Five Parkland school shooting survivors who are leading the #NeverAgain movement to end gun violence in schools speak to TIME’s Charlotte Alter about their historic March on Washington, and what comes next.
Google on Friday, June 2, used its latest Doodle to celebrate American artist and gay rights activist Gilbert Baker, creator of the rainbow flag that has become a symbol of pride for LGBTQ individuals around the world.
Baker made his way from Kansas to San Francisco with the U.S. Army.
After leaving the military, Baker taught himself to sew and volunteered his skills to make protest banners for the city’s gay community.
I do not own these images.
No intention of taking credit.
If anyone knows the owner of any, please advise and it will be corrected immediately.
In 1978, influential gay leader Harvey Milk challenged Baker to create a new symbol for activists to rally around. The most widely used icon at the time was the pink triangle, reclaimed from the symbol used during World War II to identify gay prisoners being held in Nazi concentration camps.
While it may have been a potent symbol of common suffering and struggle, Baker wanted to create something more positive and celebratory to bind the growing LGBT movement together.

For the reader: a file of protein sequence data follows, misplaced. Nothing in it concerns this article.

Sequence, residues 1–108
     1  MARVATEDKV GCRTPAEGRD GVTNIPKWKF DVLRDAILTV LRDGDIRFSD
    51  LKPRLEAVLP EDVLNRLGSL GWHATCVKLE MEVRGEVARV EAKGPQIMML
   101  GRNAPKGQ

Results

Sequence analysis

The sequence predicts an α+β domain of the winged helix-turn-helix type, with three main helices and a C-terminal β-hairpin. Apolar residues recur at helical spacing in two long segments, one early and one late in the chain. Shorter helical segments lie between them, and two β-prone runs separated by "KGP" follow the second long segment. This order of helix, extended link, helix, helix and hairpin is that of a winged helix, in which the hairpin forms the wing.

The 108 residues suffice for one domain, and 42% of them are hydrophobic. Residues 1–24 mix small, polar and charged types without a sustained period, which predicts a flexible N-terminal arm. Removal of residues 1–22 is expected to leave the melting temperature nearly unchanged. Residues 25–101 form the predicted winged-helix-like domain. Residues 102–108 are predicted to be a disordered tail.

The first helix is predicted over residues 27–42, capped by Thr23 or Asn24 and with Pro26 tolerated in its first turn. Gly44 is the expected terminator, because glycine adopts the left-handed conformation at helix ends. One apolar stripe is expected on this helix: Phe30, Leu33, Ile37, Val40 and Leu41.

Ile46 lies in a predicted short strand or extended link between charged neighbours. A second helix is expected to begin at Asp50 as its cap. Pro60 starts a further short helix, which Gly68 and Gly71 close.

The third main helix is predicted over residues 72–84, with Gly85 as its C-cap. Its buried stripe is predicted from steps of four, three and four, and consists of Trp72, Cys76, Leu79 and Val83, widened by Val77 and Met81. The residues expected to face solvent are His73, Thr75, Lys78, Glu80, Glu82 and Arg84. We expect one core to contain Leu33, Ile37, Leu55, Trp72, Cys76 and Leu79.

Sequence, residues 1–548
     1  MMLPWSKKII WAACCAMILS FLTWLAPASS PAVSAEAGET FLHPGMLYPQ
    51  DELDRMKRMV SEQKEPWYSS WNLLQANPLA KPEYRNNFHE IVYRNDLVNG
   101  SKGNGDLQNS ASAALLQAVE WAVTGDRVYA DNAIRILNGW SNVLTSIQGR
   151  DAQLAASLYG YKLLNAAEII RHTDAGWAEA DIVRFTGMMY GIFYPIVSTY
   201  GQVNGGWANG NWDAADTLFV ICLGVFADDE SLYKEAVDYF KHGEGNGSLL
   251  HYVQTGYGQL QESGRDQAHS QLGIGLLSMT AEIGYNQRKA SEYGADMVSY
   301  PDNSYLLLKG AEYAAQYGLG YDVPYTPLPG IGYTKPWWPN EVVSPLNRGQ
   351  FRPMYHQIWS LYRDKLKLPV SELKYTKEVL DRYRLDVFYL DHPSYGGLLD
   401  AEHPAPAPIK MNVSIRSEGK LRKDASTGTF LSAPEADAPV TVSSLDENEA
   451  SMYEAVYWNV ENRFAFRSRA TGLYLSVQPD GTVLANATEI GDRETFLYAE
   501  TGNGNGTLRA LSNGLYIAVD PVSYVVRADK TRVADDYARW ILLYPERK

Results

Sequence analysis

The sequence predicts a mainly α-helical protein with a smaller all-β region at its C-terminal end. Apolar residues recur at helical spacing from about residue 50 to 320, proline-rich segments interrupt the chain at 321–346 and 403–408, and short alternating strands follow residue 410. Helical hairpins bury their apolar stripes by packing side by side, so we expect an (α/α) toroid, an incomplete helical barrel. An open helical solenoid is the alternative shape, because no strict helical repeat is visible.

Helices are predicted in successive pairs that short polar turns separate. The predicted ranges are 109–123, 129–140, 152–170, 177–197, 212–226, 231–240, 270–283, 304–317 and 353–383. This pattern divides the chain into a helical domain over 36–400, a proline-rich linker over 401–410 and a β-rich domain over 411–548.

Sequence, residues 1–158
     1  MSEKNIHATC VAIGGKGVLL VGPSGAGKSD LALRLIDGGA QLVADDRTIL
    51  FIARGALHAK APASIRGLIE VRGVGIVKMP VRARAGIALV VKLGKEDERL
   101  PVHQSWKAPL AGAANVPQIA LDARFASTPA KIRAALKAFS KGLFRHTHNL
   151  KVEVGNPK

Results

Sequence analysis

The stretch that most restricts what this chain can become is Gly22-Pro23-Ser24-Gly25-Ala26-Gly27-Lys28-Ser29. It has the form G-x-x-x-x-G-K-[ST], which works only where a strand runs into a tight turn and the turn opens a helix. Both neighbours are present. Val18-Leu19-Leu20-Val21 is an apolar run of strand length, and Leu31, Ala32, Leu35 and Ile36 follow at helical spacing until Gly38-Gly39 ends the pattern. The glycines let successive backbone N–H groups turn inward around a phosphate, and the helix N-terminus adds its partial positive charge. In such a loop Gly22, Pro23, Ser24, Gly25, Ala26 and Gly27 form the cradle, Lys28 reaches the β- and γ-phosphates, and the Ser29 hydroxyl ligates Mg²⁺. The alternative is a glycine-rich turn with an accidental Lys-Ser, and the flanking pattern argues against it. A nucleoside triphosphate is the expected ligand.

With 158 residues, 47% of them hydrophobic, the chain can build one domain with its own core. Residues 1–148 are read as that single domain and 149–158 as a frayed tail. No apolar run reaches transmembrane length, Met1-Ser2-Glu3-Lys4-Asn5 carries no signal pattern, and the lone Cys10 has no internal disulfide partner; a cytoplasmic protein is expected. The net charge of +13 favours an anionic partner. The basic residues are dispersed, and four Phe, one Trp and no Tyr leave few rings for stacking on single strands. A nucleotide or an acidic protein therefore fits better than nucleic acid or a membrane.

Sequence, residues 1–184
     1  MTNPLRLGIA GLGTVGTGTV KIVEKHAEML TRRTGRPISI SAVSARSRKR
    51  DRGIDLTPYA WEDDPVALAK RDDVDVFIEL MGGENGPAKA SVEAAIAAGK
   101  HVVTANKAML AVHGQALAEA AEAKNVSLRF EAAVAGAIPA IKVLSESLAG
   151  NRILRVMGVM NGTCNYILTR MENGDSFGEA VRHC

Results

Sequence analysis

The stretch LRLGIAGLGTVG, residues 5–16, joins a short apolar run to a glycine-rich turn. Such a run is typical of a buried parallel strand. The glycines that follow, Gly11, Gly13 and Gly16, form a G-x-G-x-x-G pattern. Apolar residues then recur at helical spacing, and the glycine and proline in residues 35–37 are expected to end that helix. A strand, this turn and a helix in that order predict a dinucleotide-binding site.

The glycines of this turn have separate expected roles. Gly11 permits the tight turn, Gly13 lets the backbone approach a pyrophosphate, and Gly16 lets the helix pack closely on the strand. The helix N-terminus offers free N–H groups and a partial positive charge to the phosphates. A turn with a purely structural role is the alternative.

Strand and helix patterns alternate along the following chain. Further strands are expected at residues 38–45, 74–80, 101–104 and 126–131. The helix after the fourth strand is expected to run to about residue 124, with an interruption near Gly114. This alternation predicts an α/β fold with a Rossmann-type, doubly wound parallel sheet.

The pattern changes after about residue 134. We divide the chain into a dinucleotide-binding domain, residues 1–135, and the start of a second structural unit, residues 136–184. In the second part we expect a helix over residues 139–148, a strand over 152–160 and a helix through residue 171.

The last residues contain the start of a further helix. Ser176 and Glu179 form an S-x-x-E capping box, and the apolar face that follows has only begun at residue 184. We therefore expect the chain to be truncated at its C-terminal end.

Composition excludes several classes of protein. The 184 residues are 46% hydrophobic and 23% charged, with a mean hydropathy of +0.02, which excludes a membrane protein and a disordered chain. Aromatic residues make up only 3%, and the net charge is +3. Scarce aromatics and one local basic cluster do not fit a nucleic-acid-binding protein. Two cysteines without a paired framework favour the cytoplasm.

The first rainbow flag Baker put together with volunteers in the attic of the Gay Community Center included eight differently colored horizontal stripes with their own meaning. After Milk’s assassination later that year, demand for the flag exploded and the limited availability of some fabric meant reducing the number of stripes to today’s six.
The Search Engine Google is showing this Animated Doodle in few countries for the Gilbert Baker’s 66th Birthday Gilbert Baker was an American artist and gay rights activist who designed the rainbow flag in 1978 Baker served in the United States Army from 1970 to 1972. He was stationed in San Francisco at the beginning of the gay rights movement. After his honorable discharge from the military, he taught himself to sew.
This is the 90th time we have named the person who had the greatest influence, for better or worse, on the events of the year.
So which is it this year: Better or worse?
The challenge for Donald Trump is how profoundly the country disagrees about the answer.
It’s hard to measure the scale of his disruption. This real estate baron and casino owner turned reality-TV star and provocateur – never a day spent in public office, never a debt owed to any interest besides his own – now surveys the smoking ruin of a vast political edifice that once housed parties, pundits, donors, pollsters, all those who did not see him coming or take him seriously.